Dyslexia is one of the oldest diagnosed learning disabilities – and one of the most widely researched. However, a UC Merced professor believes there is still more to learn and his recent research has shed new light on what many have considered to be a disease.
UC Merced developmental psychologist Jeffrey Gilger sees dyslexia less as a disease and more as an example of how the brain can develop differently from what is typical, and thereby represent what may be a “normal brain variant” in the population. Gilger recently published three articles taking a different look at dyslexia, which manifests itself as a phonological disorder – the brain doesn’t match sounds to the correct letter symbol – and affects people of all languages.
On average, estimates are that 7 percent of the school age population has dyslexia, with some studies suggesting even higher rates. Dyslexia runs in families and research has identified several genes that, along with environmental factors, may contribute to the risk for the condition.
Gilger, who has been on the UC Merced faculty for two years, has been using brain imaging to examine the neurobiological processes found in adults with dyslexia and a special group of dyslexics who are gifted in nonverbal (spatial) abilities.
In one study, he compared gifted dyslexics to a group of adults who were also gifted but normal readers. This study showed that while these two groups of adults performed similarly when taking behavioral tests, they use different neural processes or strategies to arrive at the same answers.
“This raises our awareness of how individual differences in neurology might be considered alongside behavioral observations when examining those with reading disabilities and/or giftedness,” Gilger said.
In another study, he was part of a team of researchers using brain imaging to see how adults with dyslexia perform when analyzing complex and dynamic spatial material unrelated to reading. The first study of its type, the results have shown that those with dyslexia seem to process this kind of information differently than those without dyslexia – just like they process reading material differently. This finding suggested that the brains of dyslexics are atypical in many areas – not only in those areas involved in reading.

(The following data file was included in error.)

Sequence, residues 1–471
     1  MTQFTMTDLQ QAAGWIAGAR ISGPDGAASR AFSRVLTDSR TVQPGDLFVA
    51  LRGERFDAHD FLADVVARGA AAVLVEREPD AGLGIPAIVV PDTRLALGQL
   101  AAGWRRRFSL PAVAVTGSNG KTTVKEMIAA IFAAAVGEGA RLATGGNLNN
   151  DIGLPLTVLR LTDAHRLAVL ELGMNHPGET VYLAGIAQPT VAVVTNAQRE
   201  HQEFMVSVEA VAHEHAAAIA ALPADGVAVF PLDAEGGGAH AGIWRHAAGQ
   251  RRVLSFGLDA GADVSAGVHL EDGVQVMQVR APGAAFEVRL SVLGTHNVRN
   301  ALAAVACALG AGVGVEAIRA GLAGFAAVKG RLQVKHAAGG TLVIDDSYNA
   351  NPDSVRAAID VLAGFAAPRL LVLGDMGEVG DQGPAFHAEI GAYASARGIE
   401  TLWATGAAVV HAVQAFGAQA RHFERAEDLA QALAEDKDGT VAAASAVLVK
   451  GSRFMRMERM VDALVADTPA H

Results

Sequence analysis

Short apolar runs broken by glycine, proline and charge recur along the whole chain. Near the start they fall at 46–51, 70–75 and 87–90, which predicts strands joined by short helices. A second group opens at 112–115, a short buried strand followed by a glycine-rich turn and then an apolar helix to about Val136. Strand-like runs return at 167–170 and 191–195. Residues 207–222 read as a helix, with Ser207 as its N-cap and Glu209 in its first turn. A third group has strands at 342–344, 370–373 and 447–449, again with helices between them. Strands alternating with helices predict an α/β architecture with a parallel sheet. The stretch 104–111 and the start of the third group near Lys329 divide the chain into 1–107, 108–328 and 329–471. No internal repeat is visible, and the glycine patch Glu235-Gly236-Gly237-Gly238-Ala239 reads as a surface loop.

Gilger is also the lead author on another first-of-its-kind study that compared brain activation patterns and behavioral tests in four groups of adults: those with a reading disability who are also gifted in nonverbal areas; those with dyslexia alone; those who were normal readers and also gifted in nonverbal areas; and a control group. Gilger found that gifted dyslexics resemble non-gifted dyslexics in reading, math and spatial behavioral tests, and in patterns of functional brain activation during word reading and spatial processing.
“This finding suggested that the reading disability and the nonverbal giftedness were not independent conditions,” he said. Rather, there could have been a lifespan interaction between the two skill domains, with reading compensation effects modifying how their adult brain processes text as well as spatial stimuli.”
Simply put, Gilger’s research shows that when undergoing these tests, the over-reliance of gifted dyslexics on atypical regions of the brain prevents the full expression of their nonverbal gifts.